Friday, July 17, 2009

A Moth To The Light

Have you ever seen the aeronautical ballet that a moth does when it is being drawn, attracted to a light outside? Often it is a dance of death, not realizing that the bulb is extremely hot having been burning for several hours, the moth brushes up against this beckoning illuminating attraction only to often to sadly meet its demise.

There is a passage in the scriptures that in essence says, “No man shall see God and live.”
This speaks volumes to me, and I see distinct parallels to my moth illustration. Our God is as scripture points out, ‘a consuming fire’, and this fire is intended to accomplish much in the heart of man, this man in particular.
I have to believe that every glimpse of seeing Him produces a work of death and life within a believer, not just another religious fuzzy buzz experience, but an inner knowing of this One who is exalted in Compassion, a compassion that is ravenous in its insatiable longing to ignite within a heart a shared, “For God so loved the world, heart-beat.”

The following are thoughts from Brennan Manning, A Glimpse Of Jesus.

Manning sharing a story of his visit to Covenant House in New York as he sauntered down Eighth Avenue passed through an emotional spectrum so intense in human bondage and degradation that wave upon wave of revolt and disgust to anger and frustration, then to sadness, emptiness and pain washed over his soul. He then pointed out the following…

“The compassionate love of Jesus Christ is another matter entirely. His compassion surges from the bowels of his being, revealing a depth that defies human understanding and operating on a level that escapes human imitation. The numerous physical healings performed by Jesus to alleviate human misery only hint at the anguish in the heart of God’s Son for suffering humanity. Here the disciple and the seeker after truth kneel in the presence of Mystery.”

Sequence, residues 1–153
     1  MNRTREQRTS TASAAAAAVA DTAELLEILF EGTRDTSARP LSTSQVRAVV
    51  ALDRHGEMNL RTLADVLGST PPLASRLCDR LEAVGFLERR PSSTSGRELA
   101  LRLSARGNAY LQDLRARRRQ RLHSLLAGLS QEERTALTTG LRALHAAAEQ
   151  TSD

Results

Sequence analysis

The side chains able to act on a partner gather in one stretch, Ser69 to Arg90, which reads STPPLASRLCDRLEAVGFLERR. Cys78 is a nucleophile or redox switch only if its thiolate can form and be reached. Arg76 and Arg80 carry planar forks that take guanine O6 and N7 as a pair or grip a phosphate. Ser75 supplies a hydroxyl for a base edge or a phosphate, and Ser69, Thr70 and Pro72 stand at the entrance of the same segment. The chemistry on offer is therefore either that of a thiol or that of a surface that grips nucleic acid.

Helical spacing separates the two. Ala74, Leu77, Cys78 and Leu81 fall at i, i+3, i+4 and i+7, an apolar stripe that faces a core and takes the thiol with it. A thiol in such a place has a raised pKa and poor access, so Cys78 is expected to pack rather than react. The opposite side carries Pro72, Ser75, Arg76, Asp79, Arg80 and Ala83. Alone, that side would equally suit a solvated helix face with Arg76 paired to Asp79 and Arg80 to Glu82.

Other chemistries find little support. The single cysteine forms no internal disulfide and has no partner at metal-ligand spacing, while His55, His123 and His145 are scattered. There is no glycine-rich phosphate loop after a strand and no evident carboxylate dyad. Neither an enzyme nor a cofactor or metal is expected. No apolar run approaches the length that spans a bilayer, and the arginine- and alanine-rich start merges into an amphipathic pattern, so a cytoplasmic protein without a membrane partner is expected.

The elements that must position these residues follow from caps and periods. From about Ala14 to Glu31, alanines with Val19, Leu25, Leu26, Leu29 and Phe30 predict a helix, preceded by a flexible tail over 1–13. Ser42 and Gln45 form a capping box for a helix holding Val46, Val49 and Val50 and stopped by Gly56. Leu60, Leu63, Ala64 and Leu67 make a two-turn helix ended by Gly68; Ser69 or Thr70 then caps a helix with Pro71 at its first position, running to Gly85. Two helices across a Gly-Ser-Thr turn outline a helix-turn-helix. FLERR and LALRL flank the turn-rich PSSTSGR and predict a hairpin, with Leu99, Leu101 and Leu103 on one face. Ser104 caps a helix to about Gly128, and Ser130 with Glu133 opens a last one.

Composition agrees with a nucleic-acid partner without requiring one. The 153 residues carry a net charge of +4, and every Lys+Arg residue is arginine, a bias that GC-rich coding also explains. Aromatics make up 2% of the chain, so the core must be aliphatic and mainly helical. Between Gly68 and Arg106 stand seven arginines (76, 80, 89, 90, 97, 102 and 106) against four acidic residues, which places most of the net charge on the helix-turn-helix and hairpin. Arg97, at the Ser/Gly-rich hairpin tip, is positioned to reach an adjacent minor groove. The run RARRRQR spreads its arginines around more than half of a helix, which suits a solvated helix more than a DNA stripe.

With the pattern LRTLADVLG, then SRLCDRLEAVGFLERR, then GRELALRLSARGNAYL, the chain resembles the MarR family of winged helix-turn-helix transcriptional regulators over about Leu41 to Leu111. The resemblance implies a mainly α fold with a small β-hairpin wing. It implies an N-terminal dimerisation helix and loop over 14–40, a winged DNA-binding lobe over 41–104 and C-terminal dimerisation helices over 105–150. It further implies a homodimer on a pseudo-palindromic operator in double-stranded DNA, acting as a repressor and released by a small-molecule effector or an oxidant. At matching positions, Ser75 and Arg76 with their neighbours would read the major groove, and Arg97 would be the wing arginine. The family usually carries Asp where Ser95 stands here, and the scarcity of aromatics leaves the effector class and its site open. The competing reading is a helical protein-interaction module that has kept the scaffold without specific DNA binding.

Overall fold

“The English word for “compassion” is far too weak to express the emotion that moved Jesus. The Greek verb splagcbnizomai used in all these texts is derived from the noun splagcbnon, which means intestines, bowels, entrails or heart, that is to say, the inward parts from which strong emotions seem to rise. The Greek verb therefore means a movement or impulse that wells up from one’s very entrails, a gut reaction. This is why the English translation have to resort to expressions like “he was moved with compassion or pity” (NIV, NRSV, JB) or he felt sorry (JB) or “his heart went out to them” (NEB). But even these do not capture the deep physical and emotional flavour of the Greek word for compassion. That Jesus was moved by some such emotion is beyond all reasonable doubt.”

I cannot read such things without experiencing what I have alluded to depicted in the moth to the light (flame) illustration, a death but out of it a resurrection.

“The Christ who weeps over godforsaken neighbourhoods such as Times Square is a man of sorrows moved in the pit of his stomach for the lostness of the sheep who do not know him. The heart of the crucified Lord of Glory does not turn away in revulsion or disgust at the wretchedness and perversity of the human condition. There is no crime so horrible or no sin so despicable that it was left at the foot of the cross. “He took our sickness away and carried our diseases (dis-ease) for us (Isa.53:4). How is that possible?
Because Jesus is God.


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